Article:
• He misses His train and tells the Bahá'ís not to be concerned over this, as there is a good reason for it; travelling on the next train they come across the wreckage of the first, which has been in a collision. [239D:145; AB267]
Chicago; Kenosha; Wisconsin `Abdu'l-Baha's second Western tour
1913 10 Apr While walking `Abdu'l-Bahá crosses the Chain Bridge and attracts a crowd of curious onlookers who had seen His picture in the newspaper. [MRHK363]
  • He receives visitors at His hotel. Among them are Dr Agnes Goosen, the Rector of the University of Budapest, Dr Alexander Giesswein, a member of Parliament and Sirdar Omrah Singh of Punjab. Professor Julius Germanus, a young Orientalist from the Eastern Academy, brings a group of Turkish language students. {MRHK364]
  • He visits the homes of several families.
  • In the evening He speaks to 50 people at the Theosophical Meeting, praising the organization and its goals. Dr Germanus interpretes the talk into German.
Budapest; Hungary Julius Germanus; Dr Agnes Goosen; Dr Alexander Giesswein; Sirdar Omrah Singh; `Abdu'l-Baha's second Western tour
1913 15 Apr 'Abdu'l-Bahá's planned departure is delayed a second time due to a severe cold. He is attended by Mr and Mrs Stark as well as Sirda Omrah Singh. He continues to meet visitors in His hotel during this period. [MRHK369] Budapest; Hungary Mr and Mrs Stark; Sirda Omrah Singh; `Abdu'l-Baha's second Western tour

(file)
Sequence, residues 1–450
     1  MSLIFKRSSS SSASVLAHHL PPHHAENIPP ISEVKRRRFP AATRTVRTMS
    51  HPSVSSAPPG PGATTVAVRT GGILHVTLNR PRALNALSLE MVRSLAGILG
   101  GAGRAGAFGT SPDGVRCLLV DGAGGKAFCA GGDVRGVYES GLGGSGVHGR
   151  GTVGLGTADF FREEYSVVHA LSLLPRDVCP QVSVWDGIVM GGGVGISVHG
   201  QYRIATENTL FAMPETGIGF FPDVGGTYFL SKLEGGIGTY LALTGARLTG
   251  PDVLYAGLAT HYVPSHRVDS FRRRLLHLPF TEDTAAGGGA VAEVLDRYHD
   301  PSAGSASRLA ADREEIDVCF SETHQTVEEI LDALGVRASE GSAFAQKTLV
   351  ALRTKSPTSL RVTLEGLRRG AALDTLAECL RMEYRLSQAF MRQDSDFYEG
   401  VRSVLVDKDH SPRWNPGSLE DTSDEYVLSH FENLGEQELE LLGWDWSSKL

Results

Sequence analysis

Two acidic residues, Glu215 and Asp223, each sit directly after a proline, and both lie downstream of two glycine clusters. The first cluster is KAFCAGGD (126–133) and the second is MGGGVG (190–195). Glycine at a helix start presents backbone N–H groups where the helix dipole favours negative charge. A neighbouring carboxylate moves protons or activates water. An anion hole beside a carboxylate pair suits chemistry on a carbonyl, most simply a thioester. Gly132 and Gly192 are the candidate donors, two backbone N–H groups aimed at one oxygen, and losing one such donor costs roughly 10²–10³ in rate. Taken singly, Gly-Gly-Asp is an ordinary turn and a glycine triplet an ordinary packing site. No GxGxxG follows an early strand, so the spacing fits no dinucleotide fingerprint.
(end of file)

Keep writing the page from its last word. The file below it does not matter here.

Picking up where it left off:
1913 23 Jul Lua Getsinger arrives at Port Said. [AB400] Port Said Lua Getsinger
1914 21 Jan Mírzá Abu'l-Fadl-i-Gulpáygání, Apostle of Bahá'u'lláh, passes away in Cairo. [AB404; BBD67]
  • For a brief biography see EM263–5, SDH113.
  • His resting place is now next to that of Lua Getsinger in the Bahá'í cemetery in Cairo.
  • His numerous works include Fará'id (The Peerless Gems) 1898; The Brilliant Proof; 1912; Bahá'í Proofs, 1902; and Al-Duraru'l-Bahíyih (The Shining Pearls, published in English as Miracles and Metaphors), 1900. [BBD7]
Cairo Mirza Abu'l-Fadl-i-Gulpaygani; Apostle of Baha'u'llah; Lua Getsinger; Baha'i cemetery; In Memoriam
1914 1 Nov Turkey enters the war on the side of the Central Powers.
  • Palestine is blockaded and Haifa is bombarded. [GPB304]